Larry's misconstruction and dismissal of what I was talking about immediately showed he didn't understand what I was saying. How those things are done is fairly simple and not something that can be confused... not only in Japan, but in China, across a wide spectrum of martial artists. What I took issue with was the coverup that contained oblique personal digs... there's no call for it in a civilized discussion.

As for all the other terms that people arbitrarily assign to "Ki", let me note that in a Ki-paradigm (which is quite different from the western-science paradigm), everything is technically "Ki"... but the specifics can trip you up in a conversation with someone who is actually familiar with Ki, what it means and where it came from. I.e., those that really understand would have understood my initial comments perfectly and we wouldn't be having this conversation, nor would I be listening to inferences that I'm an amateur when I'm simply discussing factual issues... "factual" not to be confused with "dogma".

So, back to where we were when I indicated to Larry that we're talking past each other, Peter. I feel that your response is somewhat allied to the same thing. Just understand that I am not selling Ki Aikido, Aikikai or anything else... I was talking about Ki/kokyu as it's understood by experienced practitioners. And I've got 45 years of martial experience. Let's move on. Let me say once again that I absolutely agree that no one really learns how to fight or compete without practicing in real fights or competitions, so I agree with the major thesis.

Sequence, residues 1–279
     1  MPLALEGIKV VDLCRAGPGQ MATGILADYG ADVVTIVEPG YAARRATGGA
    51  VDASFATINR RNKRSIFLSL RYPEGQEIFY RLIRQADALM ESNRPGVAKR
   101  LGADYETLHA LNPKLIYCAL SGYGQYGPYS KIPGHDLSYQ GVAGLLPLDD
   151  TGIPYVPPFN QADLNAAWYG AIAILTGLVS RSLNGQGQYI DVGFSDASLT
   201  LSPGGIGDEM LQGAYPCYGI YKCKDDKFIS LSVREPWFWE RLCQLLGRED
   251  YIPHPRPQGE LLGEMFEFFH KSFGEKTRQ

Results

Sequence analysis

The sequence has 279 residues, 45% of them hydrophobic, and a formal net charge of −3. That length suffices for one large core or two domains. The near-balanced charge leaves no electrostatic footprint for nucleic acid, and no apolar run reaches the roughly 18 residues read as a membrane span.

FWIW

Mike Sigman
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Old 02-17-2005, 11:03 PM   #139
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Re: Competition in Aikido

Quote:
Peter Rehse wrote:
Hate to rain on your parade but guess who else is from the Rock.
You too?
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Old 02-17-2005, 11:11 PM   #140
Mike Sigman
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Re: Competition in Aikido

Quote:
Peter Rehse wrote:
Where Tomiki discusses toitsuryoku (focus of power), kokyuryoku (power of breathing/timing), idoryoku (power of movement), muscle power and the more mystical ki another group might lump all of those into one and call it Ki.
Incidentally, Peter, I'm not positive, but I think you may be missing a subtlety of what kokyu means functionally. I mean kokyu in a sense that incorporates the innate power of the body as it would be used in those things as well as in a number of other things like calligraphy. Try this:
http://www.page.sannet.ne.jp/shun-q/INTERVIEW-E.html

'You once remarked that "the essence of calligraphy lies in kokyu. (lit. breath)." Is this the same sort of kokyu we find in aikido?'

"The very same."

For instance, some calligraphers feel that their innate power becomes so strong over time that people cannot pull the brush from their hand. This is somewhat different than the literal "breath/timing" you're referring to. If you extrapolate a substantive "innate strength" like that present if someone can't pull the brush from your hand, the idea of "kokyu" takes a different shade of meaning and it indeed becomes something that may have effect in competitions, etc.. A similar problem has evolved in discussions about Chinese martial arts where the term "energy" has been used to translate "jin"... it's literally correct, but it's misleading functionally and misses the point in many actual cases.

FWIW

Mike Sigman
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Old 02-17-2005, 11:28 PM   #141
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Re: Competition in Aikido

Ok.

Quote:
Mike Sigman wrote: